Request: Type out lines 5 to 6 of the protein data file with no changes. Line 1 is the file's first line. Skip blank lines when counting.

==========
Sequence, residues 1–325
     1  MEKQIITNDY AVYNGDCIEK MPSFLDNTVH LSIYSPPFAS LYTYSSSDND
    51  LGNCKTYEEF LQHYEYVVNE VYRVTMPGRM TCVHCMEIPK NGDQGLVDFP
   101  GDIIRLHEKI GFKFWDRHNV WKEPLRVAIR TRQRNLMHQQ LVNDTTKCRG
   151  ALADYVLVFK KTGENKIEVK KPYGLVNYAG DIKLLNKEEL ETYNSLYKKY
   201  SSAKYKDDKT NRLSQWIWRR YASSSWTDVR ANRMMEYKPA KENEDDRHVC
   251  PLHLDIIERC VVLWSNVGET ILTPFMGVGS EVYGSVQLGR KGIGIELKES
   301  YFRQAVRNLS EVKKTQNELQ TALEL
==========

   151  ALADYVLVFK KTGENKIEVK KPYGLVNYAG DIKLLNKEEL ETYNSLYKKY
   201  SSAKYKDDKT NRLSQWIWRR YASSSWTDVR ANRMMEYKPA KENEDDRHVC